Epidural Steroid Injections for Lower Back Pain
If you are experiencing lower back and radiating nerve pain an Epidural
Steroid Injection (ESI) may be an effective nonsurgical treatment option.
Epidural steroid injections are powerful anti-inflammatories that reduce
nerve inflammation at the disc nerve interface, "the source."
Epidurals wash the nerve root in a mixture of steroid and local anesthetic
to reduce swelling. They may hasten the recovery time by reducing nerve
irritation and edema around the disc herniation. It is important to note
however, that epidurals do not resolve disc herniation, they merely treat
neuropathic pain caused by the herniation.
Your pain management specialist or physiciatrist, will use X-ray and contrast
to safely and accurately inject the epidural.
Common reasons to utilize Epidural Steroid Injections include:
- Commonly used to relieve back pain when a mechanical spine nerve irritation
is the cause.
- Used for exacerbations of radicular and nonradicular pain from nerve inflammation.
- When combined with Physical Therapy and NSAIDs (non-steroidal anti-inflammatory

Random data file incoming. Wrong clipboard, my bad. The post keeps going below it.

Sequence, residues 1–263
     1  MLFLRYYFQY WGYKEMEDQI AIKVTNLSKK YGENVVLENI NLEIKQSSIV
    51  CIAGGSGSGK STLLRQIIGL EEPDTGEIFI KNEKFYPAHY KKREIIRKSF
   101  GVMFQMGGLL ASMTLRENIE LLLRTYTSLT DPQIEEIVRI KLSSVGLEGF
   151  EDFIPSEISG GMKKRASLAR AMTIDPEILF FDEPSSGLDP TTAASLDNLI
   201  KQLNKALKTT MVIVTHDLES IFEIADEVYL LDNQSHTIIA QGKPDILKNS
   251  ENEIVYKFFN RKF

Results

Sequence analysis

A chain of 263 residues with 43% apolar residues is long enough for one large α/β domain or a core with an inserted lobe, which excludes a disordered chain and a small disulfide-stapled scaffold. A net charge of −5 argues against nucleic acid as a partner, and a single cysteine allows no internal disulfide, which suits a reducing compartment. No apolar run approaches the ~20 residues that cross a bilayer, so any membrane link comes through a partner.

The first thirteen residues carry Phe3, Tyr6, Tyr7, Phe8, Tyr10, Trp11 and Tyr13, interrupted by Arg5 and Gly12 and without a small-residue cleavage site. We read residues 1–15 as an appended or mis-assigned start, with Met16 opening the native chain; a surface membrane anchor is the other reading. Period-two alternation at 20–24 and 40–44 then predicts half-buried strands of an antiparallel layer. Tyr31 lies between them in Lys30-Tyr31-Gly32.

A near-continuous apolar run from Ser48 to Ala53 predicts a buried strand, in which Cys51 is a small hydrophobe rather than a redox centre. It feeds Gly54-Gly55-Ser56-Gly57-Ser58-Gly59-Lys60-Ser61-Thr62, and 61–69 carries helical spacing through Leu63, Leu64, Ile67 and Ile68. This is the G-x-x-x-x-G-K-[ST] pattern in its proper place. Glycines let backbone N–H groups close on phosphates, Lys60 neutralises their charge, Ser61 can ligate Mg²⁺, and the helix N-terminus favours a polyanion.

drugs), Epdirual Steroid Injections can often delay or prevent surgical
Different Types of Epidural Steroid Injections:
Intralaminar Epidural Steroid Injection is the most common technique for large spread. It is commonly used to
treat spinal stenosis for lower back pain. Given there is wide coverage,
this is used for less specific areas. There is risk of dural puncture
with this procedure.
Transforaminal Epidural Steroid Injection is used when placement is at a more specific level. The steroid is placed
at the disc nerve interface. This type of epidural is used for selective
acute radicular pain. There is a risk of transient neuritis with this
Caudal Epidural Steroid Injection is are given in the coccyx (tailbone or caudal) region to treat chronic
lower back pain and chronic pain in the legs, an injection to the lowest
part of the epidural space. A caudal steroid injection can help reduce
lower back and leg pain caused sciatica, herniated discs, bone spurs or
other back problems. Possible risks include bleeding or infection at the
injection site or possibly a headache if the dura is punctured, which